Eating yogurt four or five times a week may lower the risk for developing Type 2 diabetes, a new study has found.
Researchers in the United Kingdom looked at the diets of 4,000 people and followed them for 11 years. They found that people with the highest yogurt consumption had a 24 percent lower risk of developing diabetes, compared with people who didn't eat yogurt.
This risk reduction was seen in study participants who consumed an average of four and a half 4-ounce servings of low-fat yogurt per week, according to the study published today (Feb. 5) in the journal Diabetologia.
The study found an association, not a cause-and-effect relationship between eating yogurt and lowered risk of diabetes.
And at least part of the positive effect of eating yogurt seems to stem from the fact that people who eat yogurt also eat fewer unhealthy desserts and snacks, the researchers said. They found that replacing a serving of chips with a serving of yogurt reduced the risk of diabetes by 47 percent. [9 Snack Foods: Healthy or Not?]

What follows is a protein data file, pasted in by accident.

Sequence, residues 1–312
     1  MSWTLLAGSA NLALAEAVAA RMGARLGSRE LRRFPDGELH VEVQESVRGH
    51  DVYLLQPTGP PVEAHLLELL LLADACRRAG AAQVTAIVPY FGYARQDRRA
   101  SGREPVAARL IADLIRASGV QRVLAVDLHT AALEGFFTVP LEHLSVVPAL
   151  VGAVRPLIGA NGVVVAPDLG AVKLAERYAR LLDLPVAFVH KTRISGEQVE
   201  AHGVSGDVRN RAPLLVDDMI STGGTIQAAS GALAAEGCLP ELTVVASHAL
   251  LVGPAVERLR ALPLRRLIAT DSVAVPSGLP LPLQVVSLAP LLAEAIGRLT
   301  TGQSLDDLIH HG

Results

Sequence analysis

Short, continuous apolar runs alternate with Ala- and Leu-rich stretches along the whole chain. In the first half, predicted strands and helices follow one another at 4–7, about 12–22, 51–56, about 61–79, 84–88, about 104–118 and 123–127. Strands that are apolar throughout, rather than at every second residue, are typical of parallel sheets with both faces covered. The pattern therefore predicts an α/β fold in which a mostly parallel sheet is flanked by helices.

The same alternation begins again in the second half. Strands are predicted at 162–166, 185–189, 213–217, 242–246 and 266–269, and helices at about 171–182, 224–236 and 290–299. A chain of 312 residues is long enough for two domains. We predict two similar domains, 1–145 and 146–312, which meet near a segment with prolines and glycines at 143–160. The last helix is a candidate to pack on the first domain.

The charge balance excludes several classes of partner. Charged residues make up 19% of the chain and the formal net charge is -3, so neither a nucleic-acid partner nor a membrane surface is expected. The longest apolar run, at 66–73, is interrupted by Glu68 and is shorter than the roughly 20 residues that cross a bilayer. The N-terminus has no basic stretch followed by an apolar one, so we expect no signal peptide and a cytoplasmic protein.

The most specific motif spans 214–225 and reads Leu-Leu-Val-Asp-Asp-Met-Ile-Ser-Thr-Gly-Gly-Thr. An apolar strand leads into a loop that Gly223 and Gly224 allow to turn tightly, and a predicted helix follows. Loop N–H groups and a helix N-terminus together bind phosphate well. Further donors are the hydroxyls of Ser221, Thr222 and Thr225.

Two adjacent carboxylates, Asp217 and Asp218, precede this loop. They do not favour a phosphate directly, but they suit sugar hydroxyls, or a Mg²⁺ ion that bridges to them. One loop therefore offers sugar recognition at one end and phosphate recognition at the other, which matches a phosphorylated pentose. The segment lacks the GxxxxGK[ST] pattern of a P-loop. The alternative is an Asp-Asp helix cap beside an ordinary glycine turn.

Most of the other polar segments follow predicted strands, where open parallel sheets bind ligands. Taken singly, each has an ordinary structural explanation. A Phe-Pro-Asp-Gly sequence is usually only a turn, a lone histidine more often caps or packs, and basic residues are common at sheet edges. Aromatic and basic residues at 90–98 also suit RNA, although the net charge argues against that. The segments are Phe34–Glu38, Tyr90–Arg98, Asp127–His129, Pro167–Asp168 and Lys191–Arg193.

Still, there is reason to think yogurt may lower the risk, the researchers said. Yogurt is a fermented dairy product, and contains a specific type of vitamin K, as well as probiotics, both of which have been suggested to protect against diabetes, the researchers said.
The researchers didn't find a link between total dairy consumption and the risk for diabetes, suggesting that only some dairy products may be beneficial in reducing the risk for this condition.
Diabetes is a disease in which blood glucose levels are above normal, because the body cannot get the glucose into the cells to be used for energy. Risk factors for developing diabetes include obesity and physical inactivity.
About 26 million people in the United States (8.3 percent of the population) have diabetes. If current trends continue, one out of three U.S. adults will have diabetes by 2050, according to the Centers for Disease Control and Prevention.
Live Science newsletter
Stay up to date on the latest science news by signing up for our Essentials newsletter.